Museums, and science centers in particular, present a unique type of learning experience; an experience that holds educational authority and credibility, yet is distinctly focused on being hands-on and enjoyable. It is this spirit of making what can often be esoteric learning into an engaging, more personal experience that not only inspired the creation of Evolved, but shaped it’s narrative. The exhibition was conceived as an introduction to human evolution through a personal lens relevant to museum visitors. In the exhibition, visitors explore the ways evolution has shaped their own body over the past several million years through interactive components that examine the evolutionary history behind their bodily traits. Through these experiences, they not only see how evolution has shaped the human lineage over time, but also come away with an understanding of it as a science and a force relevant to their own lives. The development of this exhibition has spanned all stages of the exhibition development process, from formulating a narrative and choosing subtopics to explore, to developing hands-on interactives that teach those concepts, to conducting a formative evaluation of exhibition components with museum visitors.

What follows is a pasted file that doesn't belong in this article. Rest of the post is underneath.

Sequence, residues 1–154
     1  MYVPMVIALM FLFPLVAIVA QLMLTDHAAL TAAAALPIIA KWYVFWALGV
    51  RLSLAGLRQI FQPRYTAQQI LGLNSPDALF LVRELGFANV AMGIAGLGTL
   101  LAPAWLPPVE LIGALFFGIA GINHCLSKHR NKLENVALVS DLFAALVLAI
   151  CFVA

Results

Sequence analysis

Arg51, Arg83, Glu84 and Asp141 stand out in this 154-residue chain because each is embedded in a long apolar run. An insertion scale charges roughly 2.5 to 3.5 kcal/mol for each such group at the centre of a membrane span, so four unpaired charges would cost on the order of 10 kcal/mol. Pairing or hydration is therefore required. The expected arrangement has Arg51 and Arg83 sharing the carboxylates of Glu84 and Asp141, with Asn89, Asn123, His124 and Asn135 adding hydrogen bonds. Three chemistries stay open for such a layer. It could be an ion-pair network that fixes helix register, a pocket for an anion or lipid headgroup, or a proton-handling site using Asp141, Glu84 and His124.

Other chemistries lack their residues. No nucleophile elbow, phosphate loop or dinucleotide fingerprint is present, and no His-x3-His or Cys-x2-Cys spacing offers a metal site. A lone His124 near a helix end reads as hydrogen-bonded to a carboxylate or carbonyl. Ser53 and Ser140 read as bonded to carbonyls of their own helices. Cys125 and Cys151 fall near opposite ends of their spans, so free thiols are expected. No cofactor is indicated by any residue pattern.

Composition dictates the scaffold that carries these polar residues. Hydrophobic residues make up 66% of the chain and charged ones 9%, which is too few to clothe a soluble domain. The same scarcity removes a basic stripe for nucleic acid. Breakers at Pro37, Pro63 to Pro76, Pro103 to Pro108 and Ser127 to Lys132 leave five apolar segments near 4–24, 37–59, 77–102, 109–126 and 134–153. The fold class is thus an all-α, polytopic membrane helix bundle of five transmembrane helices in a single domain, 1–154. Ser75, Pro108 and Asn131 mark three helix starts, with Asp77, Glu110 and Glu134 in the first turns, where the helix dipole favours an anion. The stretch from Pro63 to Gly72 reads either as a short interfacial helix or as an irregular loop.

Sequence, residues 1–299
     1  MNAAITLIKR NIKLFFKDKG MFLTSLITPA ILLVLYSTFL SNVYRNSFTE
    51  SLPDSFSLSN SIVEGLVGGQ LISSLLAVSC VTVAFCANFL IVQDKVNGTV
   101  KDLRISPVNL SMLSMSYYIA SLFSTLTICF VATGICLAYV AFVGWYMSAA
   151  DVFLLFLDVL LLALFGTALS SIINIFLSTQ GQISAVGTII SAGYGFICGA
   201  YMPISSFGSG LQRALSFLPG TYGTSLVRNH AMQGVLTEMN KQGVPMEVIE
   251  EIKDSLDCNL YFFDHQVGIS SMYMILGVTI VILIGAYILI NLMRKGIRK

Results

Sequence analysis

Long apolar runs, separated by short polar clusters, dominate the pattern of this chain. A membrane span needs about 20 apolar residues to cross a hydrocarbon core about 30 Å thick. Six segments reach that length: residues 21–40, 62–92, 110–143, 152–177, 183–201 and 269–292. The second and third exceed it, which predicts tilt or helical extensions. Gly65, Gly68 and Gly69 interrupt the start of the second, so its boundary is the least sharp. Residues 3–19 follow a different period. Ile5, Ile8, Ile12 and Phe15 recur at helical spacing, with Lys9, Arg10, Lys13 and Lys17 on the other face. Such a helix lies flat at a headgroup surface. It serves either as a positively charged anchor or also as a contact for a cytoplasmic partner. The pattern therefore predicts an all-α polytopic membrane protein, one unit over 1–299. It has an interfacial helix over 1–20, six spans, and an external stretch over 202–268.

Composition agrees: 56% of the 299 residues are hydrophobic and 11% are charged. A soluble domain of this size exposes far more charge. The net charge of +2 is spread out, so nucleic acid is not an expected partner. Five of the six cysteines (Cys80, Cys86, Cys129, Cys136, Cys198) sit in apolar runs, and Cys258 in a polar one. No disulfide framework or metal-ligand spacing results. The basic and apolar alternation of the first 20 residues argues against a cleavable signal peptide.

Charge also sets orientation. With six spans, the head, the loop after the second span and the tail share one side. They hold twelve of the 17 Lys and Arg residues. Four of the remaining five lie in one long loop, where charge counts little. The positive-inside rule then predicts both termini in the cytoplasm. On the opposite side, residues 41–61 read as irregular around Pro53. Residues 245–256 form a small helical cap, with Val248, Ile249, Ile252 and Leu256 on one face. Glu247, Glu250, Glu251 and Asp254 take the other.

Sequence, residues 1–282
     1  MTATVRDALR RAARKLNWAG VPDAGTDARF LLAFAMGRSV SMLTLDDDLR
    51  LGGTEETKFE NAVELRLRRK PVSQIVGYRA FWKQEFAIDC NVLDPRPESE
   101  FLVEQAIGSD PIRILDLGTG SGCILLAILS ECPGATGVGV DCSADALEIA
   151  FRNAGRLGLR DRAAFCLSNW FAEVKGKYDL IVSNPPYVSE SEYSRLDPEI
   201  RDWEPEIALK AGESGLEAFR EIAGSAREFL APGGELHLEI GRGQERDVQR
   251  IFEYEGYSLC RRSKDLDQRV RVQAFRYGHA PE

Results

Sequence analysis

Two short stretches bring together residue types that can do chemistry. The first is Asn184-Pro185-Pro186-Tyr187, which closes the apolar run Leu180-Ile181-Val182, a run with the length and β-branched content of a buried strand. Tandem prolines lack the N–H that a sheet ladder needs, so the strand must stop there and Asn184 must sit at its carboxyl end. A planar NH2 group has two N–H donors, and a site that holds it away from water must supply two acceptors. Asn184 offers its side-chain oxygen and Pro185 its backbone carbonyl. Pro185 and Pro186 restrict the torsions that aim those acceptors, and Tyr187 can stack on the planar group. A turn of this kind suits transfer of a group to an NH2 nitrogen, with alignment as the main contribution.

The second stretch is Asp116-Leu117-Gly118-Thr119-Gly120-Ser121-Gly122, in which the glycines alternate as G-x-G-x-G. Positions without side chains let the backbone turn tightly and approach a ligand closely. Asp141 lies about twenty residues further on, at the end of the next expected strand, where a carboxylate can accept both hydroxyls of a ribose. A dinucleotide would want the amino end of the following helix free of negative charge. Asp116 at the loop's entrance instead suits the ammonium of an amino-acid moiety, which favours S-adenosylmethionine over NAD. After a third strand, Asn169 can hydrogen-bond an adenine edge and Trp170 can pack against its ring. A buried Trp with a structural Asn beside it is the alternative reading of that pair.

This thesis will provide an overview of the process of creating Evolved. The theories and best practices of exhibit design will be explored, as well as the state of evolutionary concepts and content in museums today. A concept narrative of the exhibition will outline its components through activity descriptions and design specifications, sketches and renderings, and label text. It will conclude with a report on the formative evaluation of the exhibition.